Cashless bus fair system should be made optional

Editor, RE: “Why we need the cashless bus-fare system” (The New Times, February 26, 2016).
Smart cards will help address the time passengers spend on the queue during cash collection. (Doreen Umutesi)
Smart cards will help address the time passengers spend on the queue during cash collection. (Doreen Umutesi)

Editor,

RE:Why we need the cashless bus-fare system” (The New Times, February 26, 2016).

What bus operators need to understand is that they are in the business of providing service to customers for a profit.

That service must include offering choice to your customer, not forcing them to adapt to your own preferred payment system for your own rather than the customer’s convenience.

Not everyone who needs to use city public transit buses is from the city. Those people may not have easy access to non-cash means of payment, or even know how to use them but need and have as much right to use the bus just as the city-dweller.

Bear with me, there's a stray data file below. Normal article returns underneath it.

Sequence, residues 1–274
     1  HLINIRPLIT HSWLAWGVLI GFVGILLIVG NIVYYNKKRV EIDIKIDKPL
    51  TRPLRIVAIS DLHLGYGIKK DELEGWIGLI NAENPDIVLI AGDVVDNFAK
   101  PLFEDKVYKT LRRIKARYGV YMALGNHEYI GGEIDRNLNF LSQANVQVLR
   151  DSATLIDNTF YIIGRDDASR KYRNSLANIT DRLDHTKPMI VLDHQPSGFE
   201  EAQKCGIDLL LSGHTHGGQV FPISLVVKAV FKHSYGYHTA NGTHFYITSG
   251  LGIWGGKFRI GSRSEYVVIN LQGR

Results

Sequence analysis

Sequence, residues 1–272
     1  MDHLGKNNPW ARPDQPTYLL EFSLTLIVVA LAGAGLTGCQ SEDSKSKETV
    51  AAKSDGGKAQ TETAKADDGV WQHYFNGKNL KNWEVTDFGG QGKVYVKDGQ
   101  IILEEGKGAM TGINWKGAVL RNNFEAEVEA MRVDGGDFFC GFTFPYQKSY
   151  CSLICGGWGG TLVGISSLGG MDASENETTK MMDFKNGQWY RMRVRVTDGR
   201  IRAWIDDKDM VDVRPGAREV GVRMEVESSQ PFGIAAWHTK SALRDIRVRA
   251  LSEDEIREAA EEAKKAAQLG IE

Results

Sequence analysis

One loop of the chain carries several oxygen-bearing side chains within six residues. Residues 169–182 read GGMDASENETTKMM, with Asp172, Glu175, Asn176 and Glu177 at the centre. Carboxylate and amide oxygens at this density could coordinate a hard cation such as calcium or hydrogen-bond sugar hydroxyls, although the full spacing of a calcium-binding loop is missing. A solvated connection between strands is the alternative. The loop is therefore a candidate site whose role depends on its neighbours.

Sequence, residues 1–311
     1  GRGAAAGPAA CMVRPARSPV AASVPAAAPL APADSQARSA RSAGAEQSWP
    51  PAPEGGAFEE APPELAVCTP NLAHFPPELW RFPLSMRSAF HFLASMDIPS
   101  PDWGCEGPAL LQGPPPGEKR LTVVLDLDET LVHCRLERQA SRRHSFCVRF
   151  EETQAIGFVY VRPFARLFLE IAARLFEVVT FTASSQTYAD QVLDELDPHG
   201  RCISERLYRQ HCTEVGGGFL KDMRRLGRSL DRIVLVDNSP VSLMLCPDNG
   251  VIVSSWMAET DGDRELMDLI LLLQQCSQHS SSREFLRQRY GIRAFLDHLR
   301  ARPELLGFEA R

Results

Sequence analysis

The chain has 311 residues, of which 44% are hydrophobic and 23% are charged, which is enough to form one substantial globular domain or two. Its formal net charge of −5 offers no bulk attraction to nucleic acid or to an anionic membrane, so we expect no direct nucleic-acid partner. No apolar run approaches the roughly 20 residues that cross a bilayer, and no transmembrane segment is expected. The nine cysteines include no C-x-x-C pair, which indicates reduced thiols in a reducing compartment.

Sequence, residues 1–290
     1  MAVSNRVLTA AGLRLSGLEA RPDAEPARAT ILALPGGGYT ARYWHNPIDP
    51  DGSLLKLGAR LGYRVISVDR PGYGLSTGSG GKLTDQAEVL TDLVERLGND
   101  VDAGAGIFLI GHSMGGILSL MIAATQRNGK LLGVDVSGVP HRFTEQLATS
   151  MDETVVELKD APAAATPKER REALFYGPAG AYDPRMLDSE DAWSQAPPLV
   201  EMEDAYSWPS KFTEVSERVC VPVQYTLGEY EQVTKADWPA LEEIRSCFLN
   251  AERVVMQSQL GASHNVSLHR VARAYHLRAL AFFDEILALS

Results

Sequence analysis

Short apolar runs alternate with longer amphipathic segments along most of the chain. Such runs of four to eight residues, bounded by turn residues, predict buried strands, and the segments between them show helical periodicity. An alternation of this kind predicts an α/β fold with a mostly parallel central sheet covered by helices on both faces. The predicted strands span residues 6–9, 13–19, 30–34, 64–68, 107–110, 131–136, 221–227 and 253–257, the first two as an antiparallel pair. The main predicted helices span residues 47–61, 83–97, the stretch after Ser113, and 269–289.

Make electronic payment an option, not the compulsory choice. Kigali, as any city worth the appellation, owes its residents and visitors efficient and readily accessible public transport.

That requires transport services that are easy and available to any user, whether they have access to electronic payment systems or not. The last I looked, cash was still legal tender in Rwanda, including Kigali.

It should not be disqualified as a legal means of paying for goods and services by operators privileged to hold concessions to provide an essential public service in our capital city.

Mwene Kalinda

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